Henri Rousseau was fortunate enough to receive from established painters whom he admired the good advice to avoid formal training even when he was in a position to take advantage of it.
Emulating himself, Rousseau developed a style of great polish and assurance: he performed the unlikely feat of preserving the fly of his innocence in the amber of his technical sophistication. In pictures such as the well-known The Sleeping Gypsy, exotic subject matter intensifies and makes more obvious the otherworldliness inherent in all his work.
The combination of innocence and sophistication in a single manner is often found in visionary or fantastic art, albeit seldom so neatly balanced and as quintessential as in the paintings of Rousseau. William Blake was an innocent as well, first and foremost, despite all his theories. The balance between Blake’s innocence and the renaissance forms he co-opted to express it is so precarious, fragile, that he often tested the limits of disharmony.
At another end of the range is Paul Klee, an innocent sophisticate, a fantast as well whose own painterly vocabulary is an adaptation of the art of children and wild and untamed primitive humans in the sense of being outside all contexts of Western convention. Whatever the level of comprehension in his art, it remains a mystery to be solved for most.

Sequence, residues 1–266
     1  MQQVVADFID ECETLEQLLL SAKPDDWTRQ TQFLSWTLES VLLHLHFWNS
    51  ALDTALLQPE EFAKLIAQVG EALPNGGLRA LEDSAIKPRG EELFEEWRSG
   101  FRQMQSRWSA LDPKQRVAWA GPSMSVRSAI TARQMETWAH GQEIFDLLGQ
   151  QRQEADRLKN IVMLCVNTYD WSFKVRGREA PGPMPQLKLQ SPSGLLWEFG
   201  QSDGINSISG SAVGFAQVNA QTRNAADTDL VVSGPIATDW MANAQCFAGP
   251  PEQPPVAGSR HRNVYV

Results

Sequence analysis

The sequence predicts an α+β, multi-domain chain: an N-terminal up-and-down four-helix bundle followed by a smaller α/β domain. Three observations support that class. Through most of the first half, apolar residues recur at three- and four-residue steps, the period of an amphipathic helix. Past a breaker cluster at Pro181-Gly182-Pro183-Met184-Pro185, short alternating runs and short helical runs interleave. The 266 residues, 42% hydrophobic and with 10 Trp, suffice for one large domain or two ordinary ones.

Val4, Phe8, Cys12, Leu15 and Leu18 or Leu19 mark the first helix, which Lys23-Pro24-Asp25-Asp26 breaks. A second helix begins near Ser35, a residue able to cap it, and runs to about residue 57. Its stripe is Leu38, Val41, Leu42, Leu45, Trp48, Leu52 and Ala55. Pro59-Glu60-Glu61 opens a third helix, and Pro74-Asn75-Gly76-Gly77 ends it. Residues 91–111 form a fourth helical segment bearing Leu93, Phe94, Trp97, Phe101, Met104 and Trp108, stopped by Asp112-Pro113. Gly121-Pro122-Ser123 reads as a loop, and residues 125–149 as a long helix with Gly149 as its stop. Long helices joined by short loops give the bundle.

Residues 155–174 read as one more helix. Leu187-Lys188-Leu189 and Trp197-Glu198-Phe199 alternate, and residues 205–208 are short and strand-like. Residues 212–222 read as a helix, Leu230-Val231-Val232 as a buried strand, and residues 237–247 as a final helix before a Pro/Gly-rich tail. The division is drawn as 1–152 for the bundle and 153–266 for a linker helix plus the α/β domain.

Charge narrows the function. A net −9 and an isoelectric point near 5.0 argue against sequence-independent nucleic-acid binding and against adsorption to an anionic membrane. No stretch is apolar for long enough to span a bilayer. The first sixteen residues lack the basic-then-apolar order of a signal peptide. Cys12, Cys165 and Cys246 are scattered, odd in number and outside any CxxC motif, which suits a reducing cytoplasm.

Klee was no formula painter, and hence no known formula can explain away his work. What is unsettling is that Klee was a well-trained painter of high technical skill and an esthetician of subtlety and complexity, even if his work appears to be slight and simplistic. That is, his technical level and intellectualism are but superficialities of his art, meaning the kernel of his work’s impact hinges on an ability to respond unanalytically.